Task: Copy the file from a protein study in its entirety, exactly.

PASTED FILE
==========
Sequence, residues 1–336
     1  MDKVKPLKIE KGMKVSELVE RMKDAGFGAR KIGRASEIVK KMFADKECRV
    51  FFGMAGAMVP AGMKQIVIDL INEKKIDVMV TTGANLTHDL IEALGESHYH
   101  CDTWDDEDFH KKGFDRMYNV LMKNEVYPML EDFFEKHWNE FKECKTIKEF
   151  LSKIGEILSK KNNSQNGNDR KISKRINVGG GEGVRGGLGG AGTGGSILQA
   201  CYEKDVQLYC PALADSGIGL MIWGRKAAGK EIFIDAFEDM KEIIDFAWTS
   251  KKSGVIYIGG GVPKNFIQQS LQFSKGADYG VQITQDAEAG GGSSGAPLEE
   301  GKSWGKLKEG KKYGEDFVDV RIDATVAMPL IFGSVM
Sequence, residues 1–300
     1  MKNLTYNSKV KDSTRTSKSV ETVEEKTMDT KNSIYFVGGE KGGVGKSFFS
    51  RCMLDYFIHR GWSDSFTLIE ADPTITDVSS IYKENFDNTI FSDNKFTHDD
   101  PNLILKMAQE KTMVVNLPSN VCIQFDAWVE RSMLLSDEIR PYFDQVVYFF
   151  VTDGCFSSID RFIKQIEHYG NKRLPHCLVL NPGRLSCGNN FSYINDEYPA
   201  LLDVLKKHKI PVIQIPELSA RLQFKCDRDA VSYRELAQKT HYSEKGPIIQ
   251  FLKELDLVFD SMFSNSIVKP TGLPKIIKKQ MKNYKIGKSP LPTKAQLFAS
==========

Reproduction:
Sequence, residues 1–336
     1  MDKVKPLKIE KGMKVSELVE RMKDAGFGAR KIGRASEIVK KMFADKECRV
    51  FFGMAGAMVP AGMKQIVIDL INEKKIDVMV TTGANLTHDL IEALGESHYH
   101  CDTWDDEDFH KKGFDRMYNV LMKNEVYPML EDFFEKHWNE FKECKTIKEF
   151  LSKIGEILSK KNNSQNGNDR KISKRINVGG GEGVRGGLGG AGTGGSILQA
   201  CYEKDVQLYC PALADSGIGL MIWGRKAAGK EIFIDAFEDM KEIIDFAWTS
   251  KKSGVIYIGG GVPKNFIQQS LQFSKGADYG VQITQDAEAG GGSSGAPLEE
   301  GKSWGKLKEG KKYGEDFVDV RIDATVAMPL IFGSVM
Sequence, residues 1–300
     1  MKNLTYNSKV KDSTRTSKSV ETVEEKTMDT KNSIYFVGGE KGGVGKSFFS
    51  RCMLDYFIHR GWSDSFTLIE ADPTITDVSS IYKENFDNTI FSDNKFTHDD
   101  PNLILKMAQE KTMVVNLPSN VCIQFDAWVE RSMLLSDEIR PYFDQVVYFF
   151  VTDGCFSSID RFIKQIEHYG NKRLPHCLVL NPGRLSCGNN FSYINDEYPA
   201  LLDVLKKHKI PVIQIPELSA RLQFKCDRDA VSYRELAQKT HYSEKGPIIQ
   251  FLKELDLVFD SMFSNSIVKP TGLPKIIKKQ MKNYKIGKSP LPTKAQLFAS